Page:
study carried out in Spain reveals that certain healthy habits, like eating more than four times a day or not eating too fast, are associated with lower body fat levels independently of exercise habits during free time.
The key to preventing obesity is in keeping up healthy eating habits and this is not a new concept. But, a new study headed by the Institute of Food Science and Technology and Nutrition (ICTAN) of the Spanish National Research Council (CSIC) goes one step further.
The study shows that certain healthy habits, like eating more than four scheduled meals a day or not eating too fast, are associated with lower body fat levels independently of exercise habits during free time.
Data on fat levels were obtained by taking the sum of six skin folds and the waist circumference of 1,978 adolescents (1,017 girls) between the ages of 13 and 18 years from five Spanish cities (Granada, Madrid, Murcia, Santander and Zaragoza). The role that physical activity during free time plays on fat levels was also assessed.
"To clarify the effects of dietary habits on obesity it is vital to study them along with other lifestyle habits such as physical activity," explained Sonia Gómez Martínez, lead author of the study and researcher at the ICTAN's department of Metabolism and Nutrition.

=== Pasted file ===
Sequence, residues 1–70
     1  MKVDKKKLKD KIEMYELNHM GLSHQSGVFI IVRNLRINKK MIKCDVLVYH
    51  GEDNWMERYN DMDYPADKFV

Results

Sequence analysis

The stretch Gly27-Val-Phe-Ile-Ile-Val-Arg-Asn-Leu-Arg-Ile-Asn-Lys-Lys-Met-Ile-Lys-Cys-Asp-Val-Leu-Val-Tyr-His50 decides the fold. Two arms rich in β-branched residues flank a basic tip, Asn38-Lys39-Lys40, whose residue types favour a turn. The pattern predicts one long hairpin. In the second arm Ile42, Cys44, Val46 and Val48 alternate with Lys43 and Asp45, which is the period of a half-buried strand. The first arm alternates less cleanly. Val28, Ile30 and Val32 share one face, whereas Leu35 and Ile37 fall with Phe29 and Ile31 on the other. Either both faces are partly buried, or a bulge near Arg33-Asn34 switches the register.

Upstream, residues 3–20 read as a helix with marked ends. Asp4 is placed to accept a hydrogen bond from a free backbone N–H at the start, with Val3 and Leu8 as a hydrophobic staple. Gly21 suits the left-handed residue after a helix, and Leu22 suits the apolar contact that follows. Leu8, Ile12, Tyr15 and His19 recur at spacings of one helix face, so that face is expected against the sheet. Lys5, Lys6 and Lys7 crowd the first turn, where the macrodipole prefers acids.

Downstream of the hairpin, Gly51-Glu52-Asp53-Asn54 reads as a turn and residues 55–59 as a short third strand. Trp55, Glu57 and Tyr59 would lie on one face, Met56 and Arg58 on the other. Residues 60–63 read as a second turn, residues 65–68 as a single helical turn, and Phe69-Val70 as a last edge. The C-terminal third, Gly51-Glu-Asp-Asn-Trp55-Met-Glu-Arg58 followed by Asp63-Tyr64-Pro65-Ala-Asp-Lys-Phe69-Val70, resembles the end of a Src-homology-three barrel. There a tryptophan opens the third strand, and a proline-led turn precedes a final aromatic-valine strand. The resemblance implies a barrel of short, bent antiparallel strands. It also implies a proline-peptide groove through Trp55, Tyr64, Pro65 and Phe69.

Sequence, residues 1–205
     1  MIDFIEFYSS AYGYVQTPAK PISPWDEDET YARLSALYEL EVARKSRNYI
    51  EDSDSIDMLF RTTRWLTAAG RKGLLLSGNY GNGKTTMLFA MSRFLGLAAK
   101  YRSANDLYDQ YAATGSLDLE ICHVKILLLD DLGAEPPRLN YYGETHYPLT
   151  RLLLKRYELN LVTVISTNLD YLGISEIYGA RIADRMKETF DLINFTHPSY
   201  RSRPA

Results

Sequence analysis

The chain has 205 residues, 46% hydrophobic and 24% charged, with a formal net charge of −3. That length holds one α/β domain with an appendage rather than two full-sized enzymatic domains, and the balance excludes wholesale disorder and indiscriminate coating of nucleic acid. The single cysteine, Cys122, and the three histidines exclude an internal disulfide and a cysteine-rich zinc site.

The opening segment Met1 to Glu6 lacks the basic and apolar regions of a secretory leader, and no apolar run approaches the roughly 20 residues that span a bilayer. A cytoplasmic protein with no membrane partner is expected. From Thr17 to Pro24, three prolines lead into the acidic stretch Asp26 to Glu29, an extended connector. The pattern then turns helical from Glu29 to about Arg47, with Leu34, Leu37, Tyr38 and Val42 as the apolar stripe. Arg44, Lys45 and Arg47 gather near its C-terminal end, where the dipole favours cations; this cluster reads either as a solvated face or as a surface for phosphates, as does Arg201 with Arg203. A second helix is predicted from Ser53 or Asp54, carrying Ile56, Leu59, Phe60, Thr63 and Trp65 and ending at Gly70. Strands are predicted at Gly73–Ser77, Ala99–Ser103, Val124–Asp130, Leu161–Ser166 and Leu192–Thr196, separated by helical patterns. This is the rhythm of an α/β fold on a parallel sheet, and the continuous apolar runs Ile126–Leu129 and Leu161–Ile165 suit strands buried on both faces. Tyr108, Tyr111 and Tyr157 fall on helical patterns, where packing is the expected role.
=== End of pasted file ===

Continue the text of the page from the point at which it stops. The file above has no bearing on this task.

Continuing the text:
The young men were taller, weighed more, had a larger waist circumference, and ate faster during meals. However, according to the study published in the Journal of Adolescent Health, their accumulated fat rate was lower.
Furthermore, the authors observed that eating breakfast on a daily basis is especially beneficial in the case of young men who do not do any exercise since those who skipped this meal showed higher body fat values.
Gómez Martínez stated that "the results obtained have shown that one in every four girls and one in every three boys in Spain are overweight or obese." However, only 18.5% of the boys did not do some form of sport as opposed to 48.5% of the girls.
Sexual maturity and the increase in size and weight determine the nutritional needs of adolescents, who grow by approximately 20% of their adult height and 50% of their muscle and bone mass during puberty.
Such processes require a high amount of energy and nutrients and so the diet should be designed to meet such requirements. During adolescence, the three most important minerals are calcium, iron and zinc.
Whereas calcium is essential for bone growth, iron is involved in haematologic tissue (red blood cells) and muscle tissue growth, and zinc plays a part is bone and muscle growth. It is also linked to hair and nail growth.
Dietary recommendations for adolescents include drinking three or four glasses of milk or yoghurt for calcium, vitamin D and riboflavin; five or more portions of fruit and vegetables; two portions of lean protein foods; six to twelve portions of cereal, pasta, rice and potatoes; and eat foods rich in fat and sugar in moderation.
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